JMRI and Launchpad Thoughts: Virtual IO Points
There is so much left to experiment with concerning the Launchpads connectivity with JMRI that it’s mind boggling. One thing that has captivated quite a few of my brain cells recently is the notion of Virtual IO points.
The basic concept of IO points is relatively straightforward. A pin on the Launchpad is a single IO point. It’s either Input or Output. But the Launchpad is so much more powerful than just a bit setter or a bit reader! When thinking about such a waste of ‘power’ using the Launchpad as a 12 pin CMRI node, it hit me like a ton of bricks:
Virtual IO Points
What if we loaded on some custom lighting curves, setup a PWM and allocated two pins on a Launchpad to be the ‘red lights’ of a grade crossing. No problem, already been done. Now, allocate 4 more pins for the detection system to activate the grade crossing. Again, no problem. But now, what about making those 4 inputs also CMRI inputs that JMRI can see and a virtual Output that activates the PWM code and flashes the lights. JMRI would be able to see, and command, this ‘Virtual IO Point’ and enable the grade crossing, but not command the individual red lights. The Launchpad would also be coded such that the 4 detection inputs also activate the grade crossing.
By taking a LP based detection/grade crossing implementation and putting the CMRI->JMRI code into it, you increase the monitoring and control capabilities of your layout… for free!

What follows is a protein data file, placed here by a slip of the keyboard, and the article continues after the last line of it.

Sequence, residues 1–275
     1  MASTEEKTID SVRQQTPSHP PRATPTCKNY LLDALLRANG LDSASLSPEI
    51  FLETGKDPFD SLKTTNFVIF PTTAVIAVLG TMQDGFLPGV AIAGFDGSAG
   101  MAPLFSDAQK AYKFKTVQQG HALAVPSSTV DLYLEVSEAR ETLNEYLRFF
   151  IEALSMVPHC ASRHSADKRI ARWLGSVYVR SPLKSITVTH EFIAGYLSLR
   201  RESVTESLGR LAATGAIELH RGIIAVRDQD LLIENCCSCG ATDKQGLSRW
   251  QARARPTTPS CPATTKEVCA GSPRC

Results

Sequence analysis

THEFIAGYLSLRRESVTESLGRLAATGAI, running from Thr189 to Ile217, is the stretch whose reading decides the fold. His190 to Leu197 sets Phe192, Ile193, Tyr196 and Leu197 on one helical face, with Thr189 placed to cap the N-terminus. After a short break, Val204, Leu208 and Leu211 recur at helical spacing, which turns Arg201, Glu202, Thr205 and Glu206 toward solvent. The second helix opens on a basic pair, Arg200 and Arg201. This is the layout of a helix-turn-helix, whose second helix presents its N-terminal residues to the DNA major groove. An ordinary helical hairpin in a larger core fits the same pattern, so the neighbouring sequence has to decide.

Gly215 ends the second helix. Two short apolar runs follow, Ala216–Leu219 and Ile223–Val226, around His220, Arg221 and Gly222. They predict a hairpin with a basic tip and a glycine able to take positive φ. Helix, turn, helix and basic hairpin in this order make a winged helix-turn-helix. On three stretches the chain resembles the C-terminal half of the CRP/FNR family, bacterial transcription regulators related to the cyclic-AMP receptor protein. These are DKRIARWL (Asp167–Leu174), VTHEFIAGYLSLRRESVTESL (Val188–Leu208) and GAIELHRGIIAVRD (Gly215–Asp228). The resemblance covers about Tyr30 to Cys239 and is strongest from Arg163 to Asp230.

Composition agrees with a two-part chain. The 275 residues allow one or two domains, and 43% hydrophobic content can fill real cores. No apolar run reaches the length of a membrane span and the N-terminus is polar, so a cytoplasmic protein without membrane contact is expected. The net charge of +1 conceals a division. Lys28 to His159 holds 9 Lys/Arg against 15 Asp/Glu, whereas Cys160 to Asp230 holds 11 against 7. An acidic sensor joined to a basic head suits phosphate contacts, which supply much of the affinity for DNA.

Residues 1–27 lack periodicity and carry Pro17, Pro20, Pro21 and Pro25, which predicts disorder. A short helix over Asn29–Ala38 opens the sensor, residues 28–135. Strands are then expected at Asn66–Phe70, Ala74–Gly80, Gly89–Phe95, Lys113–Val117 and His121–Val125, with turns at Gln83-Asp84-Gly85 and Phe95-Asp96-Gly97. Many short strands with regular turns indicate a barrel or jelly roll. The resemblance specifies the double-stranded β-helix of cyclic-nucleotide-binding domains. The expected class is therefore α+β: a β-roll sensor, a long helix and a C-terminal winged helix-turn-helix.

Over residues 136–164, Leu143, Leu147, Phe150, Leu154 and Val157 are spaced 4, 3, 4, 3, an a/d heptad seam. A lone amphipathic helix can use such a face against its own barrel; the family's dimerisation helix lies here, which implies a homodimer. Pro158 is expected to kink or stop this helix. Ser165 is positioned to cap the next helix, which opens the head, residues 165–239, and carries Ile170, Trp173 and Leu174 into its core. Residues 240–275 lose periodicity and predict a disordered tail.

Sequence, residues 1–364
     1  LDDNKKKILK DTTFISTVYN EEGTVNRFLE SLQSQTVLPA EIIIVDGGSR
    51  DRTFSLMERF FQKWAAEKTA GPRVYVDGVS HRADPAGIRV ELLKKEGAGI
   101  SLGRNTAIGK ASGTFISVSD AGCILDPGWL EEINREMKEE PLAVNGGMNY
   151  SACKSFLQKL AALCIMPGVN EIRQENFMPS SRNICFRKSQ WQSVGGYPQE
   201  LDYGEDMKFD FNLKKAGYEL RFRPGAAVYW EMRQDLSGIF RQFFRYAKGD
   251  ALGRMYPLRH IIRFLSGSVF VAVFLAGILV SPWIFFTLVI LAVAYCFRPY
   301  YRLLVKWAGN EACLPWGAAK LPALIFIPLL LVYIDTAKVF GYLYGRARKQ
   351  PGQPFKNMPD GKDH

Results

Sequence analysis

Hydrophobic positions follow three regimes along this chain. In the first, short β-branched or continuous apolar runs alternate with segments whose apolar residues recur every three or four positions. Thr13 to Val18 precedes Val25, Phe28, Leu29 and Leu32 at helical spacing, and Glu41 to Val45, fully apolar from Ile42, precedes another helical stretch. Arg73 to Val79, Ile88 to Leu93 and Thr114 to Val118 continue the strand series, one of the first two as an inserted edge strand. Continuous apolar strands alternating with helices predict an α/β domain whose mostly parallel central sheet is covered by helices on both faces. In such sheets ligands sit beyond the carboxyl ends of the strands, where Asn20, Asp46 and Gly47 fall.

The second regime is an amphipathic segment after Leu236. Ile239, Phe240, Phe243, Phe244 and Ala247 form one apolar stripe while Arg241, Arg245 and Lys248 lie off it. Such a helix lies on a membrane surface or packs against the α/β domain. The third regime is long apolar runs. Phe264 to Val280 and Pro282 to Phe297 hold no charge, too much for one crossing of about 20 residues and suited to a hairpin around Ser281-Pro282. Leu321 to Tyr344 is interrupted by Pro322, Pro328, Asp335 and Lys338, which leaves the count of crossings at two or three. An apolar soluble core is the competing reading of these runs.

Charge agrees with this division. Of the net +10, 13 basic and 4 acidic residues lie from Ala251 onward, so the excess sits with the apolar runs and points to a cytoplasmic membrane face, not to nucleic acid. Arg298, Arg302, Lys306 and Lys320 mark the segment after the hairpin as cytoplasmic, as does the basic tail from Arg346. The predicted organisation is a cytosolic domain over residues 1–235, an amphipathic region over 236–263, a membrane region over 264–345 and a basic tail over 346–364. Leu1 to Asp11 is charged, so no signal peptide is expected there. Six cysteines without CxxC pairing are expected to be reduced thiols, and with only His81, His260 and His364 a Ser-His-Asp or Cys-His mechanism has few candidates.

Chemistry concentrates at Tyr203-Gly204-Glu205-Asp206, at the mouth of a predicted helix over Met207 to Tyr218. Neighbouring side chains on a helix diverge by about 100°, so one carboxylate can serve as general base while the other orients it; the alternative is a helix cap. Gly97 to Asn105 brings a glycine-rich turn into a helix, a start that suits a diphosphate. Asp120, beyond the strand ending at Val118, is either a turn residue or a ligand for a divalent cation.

Another example of using virtual IO Points would be a traffic light controller. A simple 3 light, two direction setup on launch pad would use 6 output pins. Little would be gained by enabling JMRI monitoring of the traffic light… unless the traffic light had ‘night mode’ code in it. Many traffic lights I’ve seen go into flashing yellow or red during the late night hours (presumably to save electricity). Having an input on the Launchpad connected to a button or light sensor that will trigger ‘night mode’ on the traffic light would be a perfect reason to enable JMRI monitoring/control now. The light sensor would be able to tell JMRI the day/night condition of the layout and JMRI could now tell the traffic light what mode to be in by commanding the Virtual IO point.
Last example. Glue the previous two examples together. I’ve seen a traffic light in very close proximity to a grade crossing, and when that grade crossing is activated, the traffic light flashes red in a specific direction.
With two red lights, 4 detection sensors and 6 R/Y/G lights, we are maxed out on pins for the Launchpad if we plan on using the CMRI code for control. What we get, however, is 4 inputs and two outputs for use in JMRI. 4 track sensors, 1 grade signal command output point and 1 night mode output point for the traffic light. PLUS, we can hard code the traffic light to go into ‘night mode’ whenever the grade crossing is active.
I’m sure there are hundreds more ideas out there for ‘advanced’ features driven by virtual IO points via CMRI. I’d love to hear them!